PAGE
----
Continuous variables are expressed as medians [interquartile range]. Discrete variables are expressed as percentages. Data obtained by the Spanish centers and the participating centers were compared using the Student t test for continuous variables and the chi square test for discrete variables. A P value of ≤ .05 was used as a cutoff for statistical significance.

RESULTS

The CRT-Survey II included 11 088 patients from 42 countries belonging to the ESC (Table 1). In Spain, the study included 847 patients from the 36 participating hospitals (Table 2). The representativeness of the survey was estimated using data on implants in each country according to the EHRA white paper. Thus, the survey collected information on 20.1% of all predicted CRT implants in Spain during the inclusion period.

Table 1.

Participating countries and number of patients included

Country  Patients included, No. 
Germany  675 
Algeria  66 
Armenia 
Austria  407 
Belgium  262 
Bulgaria  264 
Croatia  115 
Czech Republic  931 
Denmark  254 
Egypt  22 
Slovakia  472 
Slovenia  119 
Spain  847 
Estonia  58 
Finland  351 
France  754 
Georgia  24 
Greece  137 
Hungary  467 
Iceland  19 
Ireland  85 
Israel  39 
Italy  526 
Kazakhstan  34 
Latvia  79 
Lebanon  30 
Lithuania  173 
Luxembourg  36 
Macedonia  70 
Malta  26 
Montenegro 
Morocco  12 
Netherlands  202 
Norway  370 
Poland  1241 
Portugal  58 
UK  571 
Romania  214 
Russia  71 
Sweden  255 
Switzerland  320 
Turkey  424 
Total  11 088 
Table 2.

Spanish centers participating in the crt-survey ii and number of patients included by center

Hospital  Patients included, No. 
Hospital General Universitario de Albacete  27 
Hospital General de Alicante  34 
Hospital de San Juan de Alicante  33 
Hospital Araba  24 
Hospital Universitario Central de Asturias  30 
Hospital Germans Trias i Pujol, Badalona  48 
Hospital Clínic de Barcelona 
Hospital Vall d’Hebron, Barcelona  40 
Hospital de Basurto, Bilbao 
Hospital General Universitario de Castellón  63 
Hospital Reina Sofía, Córdoba  22 
Hospital Universitario de Getafe  15 
Hospital Virgen de las Nieves, Granada 
Hospital General Universitario de Guadalajara 
Hospital Insular de Gran Canaria  17 
Complejo Hospitalario de León 
Hospital Arnau Vilanova de Lleida  27 
Hospital Clínico de Madrid  10 
Hospital 12 Octubre, Madrid  53 
Hospital Universitario Gregorio Marañón, Madrid  20 
Hospital La Paz, Madrid 
Hospital Puerta Hierro, Madrid  10 
Hospital Son Espases, Mallorca  20 
Hospital Costa del Sol, Marbella  17 
Hospital Clínico Universitario Virgen de la Arrixaca, Murcia  43 
Hospital Morales Meseguer, Murcia 
Hospital Reina Sofía, Murcia  15 
Hospital Universitario de Salamanca  22 
Complejo Hospitalario de Santiago de Compostela  31 
Hospital Ntra. Sra. de Valme, Sevilla 
Hospital Virgen del Rocío, Sevilla  32 
Hospital Nuestra Señora del Prado, Talavera de la Reina 
Hospital Joan XXIII de Tarragona 
Hospital Clínico Universitario de Valencia  31 
Hospital Dr. Peset, Valencia  24 
Hospital Universitari i Politècnic La Fe, Valencia  85 
Total  847 
Characteristics of the participating hospitals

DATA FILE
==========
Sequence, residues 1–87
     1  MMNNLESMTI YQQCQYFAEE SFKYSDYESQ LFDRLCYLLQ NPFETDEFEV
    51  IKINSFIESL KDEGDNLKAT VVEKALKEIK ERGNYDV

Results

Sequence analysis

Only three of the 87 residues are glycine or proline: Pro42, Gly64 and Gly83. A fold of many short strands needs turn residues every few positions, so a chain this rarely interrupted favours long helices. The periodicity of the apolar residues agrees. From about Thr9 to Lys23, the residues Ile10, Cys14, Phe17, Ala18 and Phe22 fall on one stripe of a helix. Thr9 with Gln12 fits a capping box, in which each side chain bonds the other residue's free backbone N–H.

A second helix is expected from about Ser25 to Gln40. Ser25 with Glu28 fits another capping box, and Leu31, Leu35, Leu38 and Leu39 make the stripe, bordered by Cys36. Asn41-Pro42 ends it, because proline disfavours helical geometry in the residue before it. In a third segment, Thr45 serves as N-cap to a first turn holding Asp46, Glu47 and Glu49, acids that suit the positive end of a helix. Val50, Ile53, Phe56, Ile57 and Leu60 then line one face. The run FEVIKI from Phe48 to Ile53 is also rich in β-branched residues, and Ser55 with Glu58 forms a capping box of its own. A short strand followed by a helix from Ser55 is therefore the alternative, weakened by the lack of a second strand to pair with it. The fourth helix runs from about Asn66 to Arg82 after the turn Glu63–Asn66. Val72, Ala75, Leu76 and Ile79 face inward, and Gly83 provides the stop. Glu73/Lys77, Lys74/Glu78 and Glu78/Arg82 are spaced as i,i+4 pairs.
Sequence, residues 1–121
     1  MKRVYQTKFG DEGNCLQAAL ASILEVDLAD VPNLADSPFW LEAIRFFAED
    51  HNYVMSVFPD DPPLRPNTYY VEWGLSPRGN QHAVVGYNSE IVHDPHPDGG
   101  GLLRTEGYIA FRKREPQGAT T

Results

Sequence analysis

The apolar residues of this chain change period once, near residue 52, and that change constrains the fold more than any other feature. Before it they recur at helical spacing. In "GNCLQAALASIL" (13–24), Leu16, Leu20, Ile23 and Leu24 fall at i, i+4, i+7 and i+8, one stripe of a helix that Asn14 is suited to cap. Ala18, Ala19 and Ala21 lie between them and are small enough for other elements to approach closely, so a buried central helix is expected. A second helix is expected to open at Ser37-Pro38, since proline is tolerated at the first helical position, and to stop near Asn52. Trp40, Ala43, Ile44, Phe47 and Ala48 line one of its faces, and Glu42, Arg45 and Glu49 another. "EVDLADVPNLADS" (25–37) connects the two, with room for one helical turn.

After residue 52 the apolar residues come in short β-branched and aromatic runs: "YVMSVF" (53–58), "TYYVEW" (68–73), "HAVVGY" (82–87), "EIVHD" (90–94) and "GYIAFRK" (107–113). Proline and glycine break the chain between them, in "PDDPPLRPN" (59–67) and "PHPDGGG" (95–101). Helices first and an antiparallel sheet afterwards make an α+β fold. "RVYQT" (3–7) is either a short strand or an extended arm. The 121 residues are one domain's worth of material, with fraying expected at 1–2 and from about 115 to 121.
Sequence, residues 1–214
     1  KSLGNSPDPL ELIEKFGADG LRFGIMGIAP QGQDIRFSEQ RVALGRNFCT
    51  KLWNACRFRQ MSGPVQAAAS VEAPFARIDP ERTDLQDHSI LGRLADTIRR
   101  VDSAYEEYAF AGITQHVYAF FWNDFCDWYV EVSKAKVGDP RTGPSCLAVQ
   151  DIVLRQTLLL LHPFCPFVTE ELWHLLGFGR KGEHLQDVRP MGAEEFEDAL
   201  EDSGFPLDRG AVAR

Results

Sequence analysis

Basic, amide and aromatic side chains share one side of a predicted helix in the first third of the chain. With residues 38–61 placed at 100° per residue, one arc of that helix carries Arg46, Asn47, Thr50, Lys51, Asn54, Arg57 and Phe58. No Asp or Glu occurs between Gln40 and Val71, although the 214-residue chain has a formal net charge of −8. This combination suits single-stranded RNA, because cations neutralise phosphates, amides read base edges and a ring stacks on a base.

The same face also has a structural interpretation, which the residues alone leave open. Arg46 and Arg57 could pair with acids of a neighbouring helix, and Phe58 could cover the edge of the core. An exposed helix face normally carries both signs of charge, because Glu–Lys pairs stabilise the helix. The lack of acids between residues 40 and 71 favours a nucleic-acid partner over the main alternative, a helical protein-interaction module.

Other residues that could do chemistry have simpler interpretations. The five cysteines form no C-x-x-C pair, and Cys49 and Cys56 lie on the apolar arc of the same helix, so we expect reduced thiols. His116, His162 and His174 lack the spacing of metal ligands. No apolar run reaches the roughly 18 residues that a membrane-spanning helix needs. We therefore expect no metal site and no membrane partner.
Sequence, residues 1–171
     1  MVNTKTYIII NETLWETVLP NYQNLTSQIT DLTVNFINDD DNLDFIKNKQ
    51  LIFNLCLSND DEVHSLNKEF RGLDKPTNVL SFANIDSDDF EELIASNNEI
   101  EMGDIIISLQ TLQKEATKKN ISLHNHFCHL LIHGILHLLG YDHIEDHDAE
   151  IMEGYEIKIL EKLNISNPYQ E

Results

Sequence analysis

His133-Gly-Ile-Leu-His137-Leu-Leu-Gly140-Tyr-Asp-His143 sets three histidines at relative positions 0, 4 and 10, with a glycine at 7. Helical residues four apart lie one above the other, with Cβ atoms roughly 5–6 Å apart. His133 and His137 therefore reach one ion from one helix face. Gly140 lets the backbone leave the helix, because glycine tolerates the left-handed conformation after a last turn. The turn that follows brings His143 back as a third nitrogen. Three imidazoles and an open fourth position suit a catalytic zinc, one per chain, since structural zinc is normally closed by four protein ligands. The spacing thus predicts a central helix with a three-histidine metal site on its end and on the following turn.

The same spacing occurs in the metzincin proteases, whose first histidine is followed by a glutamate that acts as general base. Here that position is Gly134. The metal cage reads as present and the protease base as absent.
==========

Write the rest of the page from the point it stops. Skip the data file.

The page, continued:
The median number of annual CRT implants reported by the 36 Spanish centers was 30 [21-50], which was significantly less than the median of 55 [33-100] reported by the other participating countries (P < .001) (Table 3). Most of the participating Spanish centers were university hospitals (94.3%), whereas in the other countries there was broad representation of nonuniversity teaching hospitals (25.9%) and private hospitals (8.8%).

Table 3.

Characteristics of the participating hospitals

  Spain (n=847)  Other countries (n=10 241)  P 
Catchment area (×100 000)  4 [3-6]  5 [3-10]  .134 
Total number of beds  750 [467-999]  600 [303-950]  .169 
Cardiology beds, No.  33 [28-58]  60 [36-82]  < .001 
CRT implants/y  30 [21-50]  55 [33-100]  < .001 
Pacemaker implants/y  278 [200-400]  250 [175-400]  .783 
ICD implants/y  54 [30-98]  80 [41-150]  .021 
Cardiac surgery available, %  60  70.7  .199 
Coronary angiogram/PCI available, %  94.3  96.2  .587 
Dedicated electrophysiology rooms  1 [1-2]  1 [1-2]  .947 
Number of CRT implanters.77
Electrophysiologist  3 [2-4]  2 [1-4] 
Interventional cardiologist  0 [0-4]  1 [0-4] 
Heart failure specialist  0 [0-1]  0 [0-2] 

CRT, cardiac resynchronization therapy; ICD, implantable cardioverter-defibrillator; PCI, percutaneous coronary intervention.

Unless otherwise indicated, values are expressed as median [interquartile range].

Patient characteristics

In Spain, the median age of the study patients was 69 [62-75] years, which was similar to the other patients (70 [62-76] years) (Table 4). There was a lower percentage of patients aged 75 years or more in Spanish centers (27.9%) than in the other centers (32.4%; P=.007). There was a very similar percentage of implants in men and women: 75% and 25% in Spanish centers, respectively, and 75.8% and 24.2% in the other centers, respectively. The percentage of implants conducted via scheduled admission was lower in Spain than in the other countries (68.8% vs 77.6%; P < .001). However, the number of patients included in clinical trials was higher in Spain (11.0% vs 8.1%; P=.003). The type of heart disease underlying the need for implantation significantly differed between Spain and the other countries, with a lower percentage of patients with ischemic dilated cardiomyopathy (38% vs 45%), and a higher percentage of patients with nonischemic dilated cardiomyopathy (NICM) (53.1% vs 49.5%) or with other etiologies of heart failure (8.9% vs 5.4%; P < .001).